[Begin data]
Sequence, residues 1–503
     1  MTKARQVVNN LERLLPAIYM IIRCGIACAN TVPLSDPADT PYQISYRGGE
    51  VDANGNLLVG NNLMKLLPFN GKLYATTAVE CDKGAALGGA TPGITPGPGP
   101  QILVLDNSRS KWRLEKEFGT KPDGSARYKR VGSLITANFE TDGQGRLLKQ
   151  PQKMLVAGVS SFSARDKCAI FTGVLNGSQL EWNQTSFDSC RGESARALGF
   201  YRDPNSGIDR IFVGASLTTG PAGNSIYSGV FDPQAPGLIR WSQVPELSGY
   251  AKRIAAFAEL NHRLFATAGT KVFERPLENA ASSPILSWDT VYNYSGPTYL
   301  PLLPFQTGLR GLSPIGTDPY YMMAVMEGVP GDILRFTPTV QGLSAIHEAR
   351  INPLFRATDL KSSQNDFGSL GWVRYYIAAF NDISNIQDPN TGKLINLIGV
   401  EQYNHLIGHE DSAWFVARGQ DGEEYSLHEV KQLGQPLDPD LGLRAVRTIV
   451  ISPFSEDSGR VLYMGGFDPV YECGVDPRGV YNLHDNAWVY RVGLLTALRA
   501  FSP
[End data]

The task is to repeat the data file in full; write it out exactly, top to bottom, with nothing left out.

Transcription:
Sequence, residues 1–503
     1  MTKARQVVNN LERLLPAIYM IIRCGIACAN TVPLSDPADT PYQISYRGGE
    51  VDANGNLLVG NNLMKLLPFN GKLYATTAVE CDKGAALGGA TPGITPGPGP
   101  QILVLDNSRS KWRLEKEFGT KPDGSARYKR VGSLITANFE TDGQGRLLKQ
   151  PQKMLVAGVS SFSARDKCAI FTGVLNGSQL EWNQTSFDSC RGESARALGF
   201  YRDPNSGIDR IFVGASLTTG PAGNSIYSGV FDPQAPGLIR WSQVPELSGY
   251  AKRIAAFAEL NHRLFATAGT KVFERPLENA ASSPILSWDT VYNYSGPTYL
   301  PLLPFQTGLR GLSPIGTDPY YMMAVMEGVP GDILRFTPTV QGLSAIHEAR
   351  INPLFRATDL KSSQNDFGSL GWVRYYIAAF NDISNIQDPN TGKLINLIGV
   401  EQYNHLIGHE DSAWFVARGQ DGEEYSLHEV KQLGQPLDPD LGLRAVRTIV
   451  ISPFSEDSGR VLYMGGFDPV YECGVDPRGV YNLHDNAWVY RVGLLTALRA
   501  FSP